Predicting relative forecasting performance: An empirical investigation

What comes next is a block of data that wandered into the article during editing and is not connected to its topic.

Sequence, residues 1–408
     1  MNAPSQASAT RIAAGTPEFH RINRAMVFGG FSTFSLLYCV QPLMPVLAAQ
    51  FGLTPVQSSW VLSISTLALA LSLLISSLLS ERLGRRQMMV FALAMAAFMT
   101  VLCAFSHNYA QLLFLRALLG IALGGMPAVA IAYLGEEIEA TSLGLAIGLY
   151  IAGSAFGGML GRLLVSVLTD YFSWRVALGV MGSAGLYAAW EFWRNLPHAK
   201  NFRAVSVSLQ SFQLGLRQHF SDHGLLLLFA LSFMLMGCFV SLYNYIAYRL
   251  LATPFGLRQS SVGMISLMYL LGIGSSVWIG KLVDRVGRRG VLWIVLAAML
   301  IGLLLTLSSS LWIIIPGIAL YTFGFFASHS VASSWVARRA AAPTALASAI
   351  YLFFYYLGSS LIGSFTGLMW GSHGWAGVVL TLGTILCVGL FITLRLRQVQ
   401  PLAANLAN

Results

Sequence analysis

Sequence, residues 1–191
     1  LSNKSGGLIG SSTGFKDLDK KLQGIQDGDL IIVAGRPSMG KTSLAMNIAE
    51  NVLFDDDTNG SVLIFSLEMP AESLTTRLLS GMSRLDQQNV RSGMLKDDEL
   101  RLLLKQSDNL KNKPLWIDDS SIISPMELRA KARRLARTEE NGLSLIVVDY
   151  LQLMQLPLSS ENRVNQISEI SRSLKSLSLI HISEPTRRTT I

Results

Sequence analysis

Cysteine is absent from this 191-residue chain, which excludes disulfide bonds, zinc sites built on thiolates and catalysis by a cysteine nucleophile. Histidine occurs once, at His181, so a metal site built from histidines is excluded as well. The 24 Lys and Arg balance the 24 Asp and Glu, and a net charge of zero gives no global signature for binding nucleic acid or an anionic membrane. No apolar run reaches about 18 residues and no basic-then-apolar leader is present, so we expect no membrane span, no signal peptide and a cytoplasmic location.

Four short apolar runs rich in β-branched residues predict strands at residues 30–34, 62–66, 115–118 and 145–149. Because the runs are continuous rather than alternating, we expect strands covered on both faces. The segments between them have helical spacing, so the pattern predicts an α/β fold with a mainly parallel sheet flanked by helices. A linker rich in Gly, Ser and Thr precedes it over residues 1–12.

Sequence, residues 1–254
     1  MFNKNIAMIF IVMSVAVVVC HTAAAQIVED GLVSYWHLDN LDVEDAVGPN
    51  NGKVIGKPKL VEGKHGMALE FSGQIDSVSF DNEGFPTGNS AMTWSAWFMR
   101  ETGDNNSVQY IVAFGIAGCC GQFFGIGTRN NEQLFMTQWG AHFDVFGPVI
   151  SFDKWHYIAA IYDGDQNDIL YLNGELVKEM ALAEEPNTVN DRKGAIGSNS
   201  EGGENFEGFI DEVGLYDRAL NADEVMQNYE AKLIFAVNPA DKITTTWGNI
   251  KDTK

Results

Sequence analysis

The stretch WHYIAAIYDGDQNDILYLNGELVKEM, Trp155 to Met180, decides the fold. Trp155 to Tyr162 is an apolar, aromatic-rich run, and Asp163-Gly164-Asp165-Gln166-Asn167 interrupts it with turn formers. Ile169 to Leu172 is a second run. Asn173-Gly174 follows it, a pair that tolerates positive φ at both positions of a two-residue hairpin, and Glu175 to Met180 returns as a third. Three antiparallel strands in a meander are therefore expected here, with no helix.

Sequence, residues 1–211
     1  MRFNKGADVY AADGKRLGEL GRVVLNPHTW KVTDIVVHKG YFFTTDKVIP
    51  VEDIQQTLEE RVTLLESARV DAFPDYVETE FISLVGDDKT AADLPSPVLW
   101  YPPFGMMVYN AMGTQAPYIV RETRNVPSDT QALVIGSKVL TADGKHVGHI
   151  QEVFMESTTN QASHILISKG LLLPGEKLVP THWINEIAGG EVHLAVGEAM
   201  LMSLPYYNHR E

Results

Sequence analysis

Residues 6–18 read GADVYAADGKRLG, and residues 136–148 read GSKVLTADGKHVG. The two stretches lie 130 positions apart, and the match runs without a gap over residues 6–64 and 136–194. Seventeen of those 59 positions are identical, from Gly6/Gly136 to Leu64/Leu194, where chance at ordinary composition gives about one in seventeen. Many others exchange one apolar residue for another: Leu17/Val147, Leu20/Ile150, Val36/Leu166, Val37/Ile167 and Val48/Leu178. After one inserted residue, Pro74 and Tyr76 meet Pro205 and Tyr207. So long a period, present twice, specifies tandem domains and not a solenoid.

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2019 International Institute of Forecasters The relative performances of forecasting models change over time. This empirical observation raises two questions. First, is the relative performance itself predictable? Second, if so, can it be exploited in order to improve the forecast accuracy? We address these questions by evaluating the predictive abilities of a wide range of economic variables for two key US macroeconomic aggregates, namely industrial production and inflation, relative to simple benchmarks. We find that business cycle indicators, financial conditions, uncertainty and measures of past relative performances are generally useful for explaining the models relative forecasting performances. In addition, we conduct a pseudo-real-time forecasting exercise, where we use the information about the conditional performance for model selection and model averaging. The newly proposed strategies deliver sizable improvements over competitive benchmark models and commonly-used combination schemes. The gains are larger when model selection and averaging are based on both financial conditions and past performances measured at the forecast origin date.